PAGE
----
Film Dubbing: a Flexible Integrated Skills Task

A context or topic that is relevant and interesting for the students is one of the main factors that helps to make language learning tasks successful and memorable. Flexibility is another ingredient: if tasks are flexible, the students will be able to work at their own performance level while working on the same goal. This is especially important in mixed-ability groups or teams within a group, but it also holds true for other more homogeneous settings where each student may need more work on different areas and skills at a given time. Finally, flexible tasks carried out in engaging contexts result in student ownership. When students manage to create something that is unique by making the necessary connections, linguistic and non-linguistic alike, learning naturally results.

There are probably many other elements that help to make tasks and lessons successful and meaningful, but over the years I’ve found these three elements to be decisive. This doesn’t mean that we shouldn’t expose our students to topics they are not interested in or less flexible tasks such as having them practise a particular structure; however, trying to twist the dullest of content or routine practice (see also: “coursebook”) to include at least some of these characteristics often pays off.

A flexible task that I like doing with my teenage students is film dubbing. At its very simplest, the students are shown a clip from a film again and again with no sound until they can write a script and read it as they synchronise with the actors in the scene. Clips from classical or popular films work best as the motivation to deconstruct the whole thing will be higher (I’ve used clips from “Casablanca”, “Gone with the Wind”, “The Goonies”, “Braveheart” or even “Rambo”!) and its YouTube channel has tons of clips to choose from. The students first identify the number of people participating in the dialogue and the length of each contribution, then they brainstorm ideas in their teams or in pairs, and finally write the script down. Apart from language accuracy, the students will be manipulating the language so that it fits each contribution, they will be making decisions regarding register, and they will be practising pronunciation skills such as intonation.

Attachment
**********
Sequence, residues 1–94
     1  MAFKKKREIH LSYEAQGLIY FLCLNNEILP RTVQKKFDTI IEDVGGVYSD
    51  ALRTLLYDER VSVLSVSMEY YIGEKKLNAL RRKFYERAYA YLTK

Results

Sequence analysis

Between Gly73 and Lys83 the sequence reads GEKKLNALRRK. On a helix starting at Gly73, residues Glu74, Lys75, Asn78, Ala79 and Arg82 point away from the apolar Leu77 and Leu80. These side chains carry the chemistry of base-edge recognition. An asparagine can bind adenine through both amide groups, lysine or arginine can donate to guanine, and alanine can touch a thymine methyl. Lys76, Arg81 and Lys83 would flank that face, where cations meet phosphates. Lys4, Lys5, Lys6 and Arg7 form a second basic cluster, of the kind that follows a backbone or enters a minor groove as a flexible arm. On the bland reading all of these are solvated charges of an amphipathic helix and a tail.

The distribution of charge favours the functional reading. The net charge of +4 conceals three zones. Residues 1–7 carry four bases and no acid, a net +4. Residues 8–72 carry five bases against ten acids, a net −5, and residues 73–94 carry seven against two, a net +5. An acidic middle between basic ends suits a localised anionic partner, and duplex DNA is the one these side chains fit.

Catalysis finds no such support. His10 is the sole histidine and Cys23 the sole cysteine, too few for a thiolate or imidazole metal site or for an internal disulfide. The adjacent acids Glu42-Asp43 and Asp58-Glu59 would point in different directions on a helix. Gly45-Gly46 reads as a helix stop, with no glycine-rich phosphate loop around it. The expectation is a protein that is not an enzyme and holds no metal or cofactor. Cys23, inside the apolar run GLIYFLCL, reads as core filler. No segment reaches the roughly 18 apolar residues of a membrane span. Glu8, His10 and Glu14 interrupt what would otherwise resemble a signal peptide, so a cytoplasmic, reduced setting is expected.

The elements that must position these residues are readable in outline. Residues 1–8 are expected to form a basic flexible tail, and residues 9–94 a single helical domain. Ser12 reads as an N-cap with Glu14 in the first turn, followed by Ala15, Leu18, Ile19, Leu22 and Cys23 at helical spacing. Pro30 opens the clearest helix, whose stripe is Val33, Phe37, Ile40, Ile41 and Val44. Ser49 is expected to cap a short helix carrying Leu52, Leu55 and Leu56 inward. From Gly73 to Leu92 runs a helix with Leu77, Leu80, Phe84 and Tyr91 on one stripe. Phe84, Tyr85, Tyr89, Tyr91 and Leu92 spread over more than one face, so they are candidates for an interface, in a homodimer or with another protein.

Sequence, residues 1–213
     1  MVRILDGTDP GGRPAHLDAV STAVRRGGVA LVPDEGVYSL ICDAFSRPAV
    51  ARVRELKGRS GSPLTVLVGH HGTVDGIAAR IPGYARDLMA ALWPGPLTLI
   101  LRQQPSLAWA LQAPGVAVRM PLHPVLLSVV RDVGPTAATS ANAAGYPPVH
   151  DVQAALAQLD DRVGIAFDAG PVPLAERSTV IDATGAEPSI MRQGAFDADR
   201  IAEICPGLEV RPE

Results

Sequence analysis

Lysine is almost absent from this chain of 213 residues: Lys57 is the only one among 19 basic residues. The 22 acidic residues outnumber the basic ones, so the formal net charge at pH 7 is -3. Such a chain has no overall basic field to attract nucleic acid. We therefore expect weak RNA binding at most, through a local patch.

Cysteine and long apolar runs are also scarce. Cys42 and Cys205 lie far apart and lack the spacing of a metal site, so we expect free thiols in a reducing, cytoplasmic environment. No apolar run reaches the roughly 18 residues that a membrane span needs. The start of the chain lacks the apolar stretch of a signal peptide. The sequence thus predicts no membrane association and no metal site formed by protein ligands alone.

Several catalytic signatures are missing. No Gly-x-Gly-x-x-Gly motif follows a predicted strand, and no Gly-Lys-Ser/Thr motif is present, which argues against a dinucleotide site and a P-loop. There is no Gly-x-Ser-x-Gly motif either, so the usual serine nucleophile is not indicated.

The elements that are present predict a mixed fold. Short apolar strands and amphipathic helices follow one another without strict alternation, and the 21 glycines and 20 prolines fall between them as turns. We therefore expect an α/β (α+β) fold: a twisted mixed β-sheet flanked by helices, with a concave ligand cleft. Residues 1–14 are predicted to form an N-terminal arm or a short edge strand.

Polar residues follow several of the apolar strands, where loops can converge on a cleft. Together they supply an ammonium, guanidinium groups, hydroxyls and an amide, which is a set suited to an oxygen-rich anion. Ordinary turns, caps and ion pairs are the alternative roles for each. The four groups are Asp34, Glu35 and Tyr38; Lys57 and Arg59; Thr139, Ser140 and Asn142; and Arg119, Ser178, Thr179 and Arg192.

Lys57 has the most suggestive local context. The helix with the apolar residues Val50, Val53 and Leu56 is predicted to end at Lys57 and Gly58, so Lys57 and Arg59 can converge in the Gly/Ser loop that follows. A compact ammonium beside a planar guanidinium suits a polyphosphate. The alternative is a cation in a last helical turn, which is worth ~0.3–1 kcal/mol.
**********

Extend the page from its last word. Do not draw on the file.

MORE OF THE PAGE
As the students make the scene their own, in a flexible setting and with a topic of their choice, the students analyse the language by comparing how they thought something should be said and how it is actually said, or simply by becoming aware of language gaps and making up for them. Again, this is a highly personal process but in this case within a context that is engaging enough for language needs to become personally salient and, therefore, more likely to be acquired. And once the clips are shared with the rest of the class, a good amount of language will come into play and a great opportunity to focus on specific language items through mini-lessons based on the students’ production.

I’ve always kept it low-tech, but this activity can get as simple or technologically complex as you want, and you may even want to consider recording the dialogues and adding them to each clip using software such as Movie Maker — even special effects! Would you give it a go? Have you tried anything similar?

Listening for detail: “Kilkelly, Ireland”

American songwriter Peter Jones discovered a collection of letters in his parents’ attic written by his great-great-great grandfather, Byran Hunt, to his son, John Hunt, who had emigrated from Kilkelly in Ireland to the United States in 1855. The Great Famine in Ireland had forced large numbers of people to emigrate in search of a better life. The five-stanza ballad he wrote based on these letters cover the time period from 1860 to 1892.

“Kilkelly, Ireland” is a breathtaking, thought-provoking song in which family news, including births and deaths, are shared for a period of thirty-two years. In the activity, the students listen for specific information by writing an explanation for each of the words, names or pictures in the timeline. Pat McNamara, for instance, is the teacher who writes the letters for John’s father. At the end of each letter, go over the answers and have the students read the lyrics if necessary before moving on to the next. If needed, you may want to pre-teach a few words such as “dampness”, “turf”, “pass on”, “bury” or “feisty”, although both the slow rhythm pattern of the song and the type of words used in the lyrics make it a challenging yet attainable listening task for students with a B1+ level and above.